City of Las Vegas Selected As 2013 Pacesetter For Community Effort To Promote Early Reading
National Honor Recognizes Collaborative Campaign To Ensure More Low-Income Students Are Reading On Grade Level By The End Of Third Grade
The city of Las Vegas’ campaign to improve reading proficiency among its youngest students has been recognized as a 2013 Community Pacesetter by the Campaign for Grade-Level Reading (GLR), an honor that reflects the energy, mobilization and creativity that the local community has brought to this important work.
“As I round out my third year as mayor of Las Vegas, I remain committed to ensuring every child has opportunity for a bright future,” said Las Vegas Mayor Carolyn G. Goodman. “The challenges we face require collective community action and I am so proud of the efforts of our city and our community as we begin to develop the foundation from which opportunity will be abundant. We must remain vigilant in our efforts to improve and the acknowledgment as a pacesetter community provides proof we are moving in the right direction.”
The city of Las Vegas, in partnership with the Las Vegas community, launched the Downtown Achieves initiative in October 2013, making it one of the 140 communities working with the GLR Campaign, a nationwide movement of local leaders, states, nonprofits, and foundations putting a stake in the ground on third-grade reading. The communities are adopting a collective impact strategy, engaging the full community around the goal of supporting low-income children from birth through third grade.
. In conjunction with the city of Las Vegas’ priority of community pride, educational attainment has become a focus. Downtown Achieves is made up of multiple government, nonprofit, and private sector partners, and is designed to improve the academic outcomes of children located in seven elementary, two middle and two high schools aligned in a feeder pattern within the Clark County School District. Downtown Achieves intends to ensure the academic success for 12,500 children attending schools in and around the downtown core of Las Vegas.
"We know we can't address the needs of every student in every classroom without the support of our community partners. We appreciate the expanding partnership between the city of Las Vegas and the Clark County School District," said Superintendent Pat Skorkowsky. "It is critical that our students are reading proficient by the third grade in order for them to succeed throughout their K-12 experience and beyond. The city of Las Vegas should be proud of this recognition. Through partnerships like this, our students are better served and our community will foster economic development."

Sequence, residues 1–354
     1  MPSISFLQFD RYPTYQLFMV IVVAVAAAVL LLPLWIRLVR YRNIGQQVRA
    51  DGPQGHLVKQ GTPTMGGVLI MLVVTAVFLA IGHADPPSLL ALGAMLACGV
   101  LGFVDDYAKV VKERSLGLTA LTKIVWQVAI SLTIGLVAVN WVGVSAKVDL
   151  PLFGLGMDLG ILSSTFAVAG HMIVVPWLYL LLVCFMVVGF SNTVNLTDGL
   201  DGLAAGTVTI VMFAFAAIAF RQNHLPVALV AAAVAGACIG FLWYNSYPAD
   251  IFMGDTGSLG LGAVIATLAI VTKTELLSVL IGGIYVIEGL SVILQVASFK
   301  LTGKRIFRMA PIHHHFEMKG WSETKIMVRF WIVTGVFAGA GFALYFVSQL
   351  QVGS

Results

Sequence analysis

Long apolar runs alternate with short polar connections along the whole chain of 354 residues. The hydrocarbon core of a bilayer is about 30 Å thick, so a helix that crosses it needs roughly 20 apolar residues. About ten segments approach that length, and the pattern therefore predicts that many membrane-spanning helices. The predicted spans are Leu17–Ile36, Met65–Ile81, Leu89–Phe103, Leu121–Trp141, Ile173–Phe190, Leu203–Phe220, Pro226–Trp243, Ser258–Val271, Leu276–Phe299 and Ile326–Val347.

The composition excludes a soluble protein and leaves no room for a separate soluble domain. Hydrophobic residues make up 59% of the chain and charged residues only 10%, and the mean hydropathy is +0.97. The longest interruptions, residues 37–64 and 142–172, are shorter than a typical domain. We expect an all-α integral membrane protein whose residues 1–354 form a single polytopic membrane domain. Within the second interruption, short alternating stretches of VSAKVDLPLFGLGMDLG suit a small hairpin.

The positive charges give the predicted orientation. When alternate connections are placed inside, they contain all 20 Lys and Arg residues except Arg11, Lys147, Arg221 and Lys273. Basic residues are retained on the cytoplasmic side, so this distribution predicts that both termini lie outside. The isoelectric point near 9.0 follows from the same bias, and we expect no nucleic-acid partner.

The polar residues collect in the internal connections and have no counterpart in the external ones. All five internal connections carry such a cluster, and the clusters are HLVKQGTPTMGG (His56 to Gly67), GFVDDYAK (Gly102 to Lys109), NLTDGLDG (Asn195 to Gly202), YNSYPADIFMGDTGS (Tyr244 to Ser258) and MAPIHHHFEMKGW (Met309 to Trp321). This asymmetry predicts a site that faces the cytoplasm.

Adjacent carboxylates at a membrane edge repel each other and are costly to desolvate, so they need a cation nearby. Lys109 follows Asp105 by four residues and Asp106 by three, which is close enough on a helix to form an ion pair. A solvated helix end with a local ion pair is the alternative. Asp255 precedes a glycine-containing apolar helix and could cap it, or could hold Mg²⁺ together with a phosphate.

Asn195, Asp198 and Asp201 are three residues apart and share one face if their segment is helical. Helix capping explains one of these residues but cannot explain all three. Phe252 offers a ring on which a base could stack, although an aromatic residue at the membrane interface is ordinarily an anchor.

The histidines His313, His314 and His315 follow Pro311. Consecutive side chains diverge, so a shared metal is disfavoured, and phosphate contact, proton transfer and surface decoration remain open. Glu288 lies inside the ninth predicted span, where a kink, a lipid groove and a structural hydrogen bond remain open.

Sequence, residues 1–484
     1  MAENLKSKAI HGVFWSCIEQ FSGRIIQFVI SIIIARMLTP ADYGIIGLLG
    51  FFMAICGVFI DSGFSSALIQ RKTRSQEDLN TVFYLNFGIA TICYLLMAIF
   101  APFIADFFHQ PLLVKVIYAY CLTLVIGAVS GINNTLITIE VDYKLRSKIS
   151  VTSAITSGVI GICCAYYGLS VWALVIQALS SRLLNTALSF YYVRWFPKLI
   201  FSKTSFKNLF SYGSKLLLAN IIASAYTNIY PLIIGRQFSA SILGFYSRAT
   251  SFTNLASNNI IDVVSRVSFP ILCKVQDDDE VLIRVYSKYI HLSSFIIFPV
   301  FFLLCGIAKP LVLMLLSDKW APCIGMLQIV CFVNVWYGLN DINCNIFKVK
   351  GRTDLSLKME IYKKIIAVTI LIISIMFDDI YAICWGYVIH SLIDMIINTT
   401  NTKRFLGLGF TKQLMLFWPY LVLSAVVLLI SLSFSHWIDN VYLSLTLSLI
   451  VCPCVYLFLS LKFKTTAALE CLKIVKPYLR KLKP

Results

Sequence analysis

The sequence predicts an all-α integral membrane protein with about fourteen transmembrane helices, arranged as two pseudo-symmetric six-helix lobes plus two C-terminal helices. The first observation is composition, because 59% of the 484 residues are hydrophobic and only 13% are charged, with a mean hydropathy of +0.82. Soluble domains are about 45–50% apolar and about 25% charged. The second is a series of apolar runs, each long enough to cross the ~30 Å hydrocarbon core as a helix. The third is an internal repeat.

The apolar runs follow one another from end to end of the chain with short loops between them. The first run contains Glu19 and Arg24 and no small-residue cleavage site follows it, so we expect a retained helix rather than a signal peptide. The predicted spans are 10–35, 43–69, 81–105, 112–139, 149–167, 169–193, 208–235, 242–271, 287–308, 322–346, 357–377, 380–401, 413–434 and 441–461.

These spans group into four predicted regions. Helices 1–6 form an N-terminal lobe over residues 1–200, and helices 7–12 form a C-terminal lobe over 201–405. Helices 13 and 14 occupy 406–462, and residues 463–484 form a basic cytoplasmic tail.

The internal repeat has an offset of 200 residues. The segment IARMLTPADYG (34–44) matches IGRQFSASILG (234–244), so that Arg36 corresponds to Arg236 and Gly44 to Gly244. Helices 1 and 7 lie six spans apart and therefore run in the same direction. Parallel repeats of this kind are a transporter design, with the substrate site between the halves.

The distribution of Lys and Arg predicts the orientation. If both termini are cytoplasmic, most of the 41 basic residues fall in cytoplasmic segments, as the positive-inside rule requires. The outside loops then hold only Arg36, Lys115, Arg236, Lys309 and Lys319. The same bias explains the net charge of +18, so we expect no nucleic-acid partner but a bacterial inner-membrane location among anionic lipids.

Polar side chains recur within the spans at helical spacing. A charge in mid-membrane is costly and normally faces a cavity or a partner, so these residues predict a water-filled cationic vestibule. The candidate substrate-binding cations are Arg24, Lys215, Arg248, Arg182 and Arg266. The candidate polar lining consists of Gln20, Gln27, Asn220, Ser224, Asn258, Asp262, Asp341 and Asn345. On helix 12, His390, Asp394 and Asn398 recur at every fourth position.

To kick off the initiative, the city in October convened a summit of more than 200 community leaders to identify a common vision for academic success for every student through collective community action.
Since then, the Downtown Achieves leaders, in conjunction with the city, have brought together school leaders and leaders in the fields of transportation and food to begin a dialogue about improving food security and access to transportations for students and their families.
The city is also working with the Teachers Union and the PTA, along with several other organizations and community leaders, to host a “Teachers Summit” a “Parents Summit” and a “student Summit” over the next year.
Most recently, the United Way of Southern Nevada received the Lincy Call For Collaborations Grant, in partnership with the University of Nevada Las Vegas, to focus research efforts on Downtown Achieves schools. The data from the initial needs assessment conducted by UNLV will be made available by mid-year. With the data, Downtown Achieves will form action teams to begin to address needs of students.
The city of Las Vegas has also partnered with the Public Education Foundation to implement the Literacy Liftoff program, a summer reading program in its second year that is designed to help encourage literacy among 96 pre-kindergarten and early elementary students, setting them on a path toward high school graduation
Acknowledging that schools alone cannot address all the challenges that keep children from learning to read, the city’s work with nonprofits and other partners will help ensure that children arrive at kindergarten ready to succeed, attend school regularly and keep learning through the summer months.
The city of Las Vegas described its work, challenges and lessons for other communities on the GLR Campaign website’s Tell Our Story page.
“We are impressed and inspired by what the city of Las Vegas has accomplished so far,” said Ralph Smith, managing director of the Campaign for Grade-Level Reading and a senior vice president at the Annie E. Casey Foundation. “ With its commitment, resourcefulness and collaborative spirit, the city of Las Vegas truly is setting the pace and providing a model for communities across the nation who are seeking to give more children from low-income families a chance at a brighter future."
The city of Las Vegas is one of 35 Pacesetters named for 2013.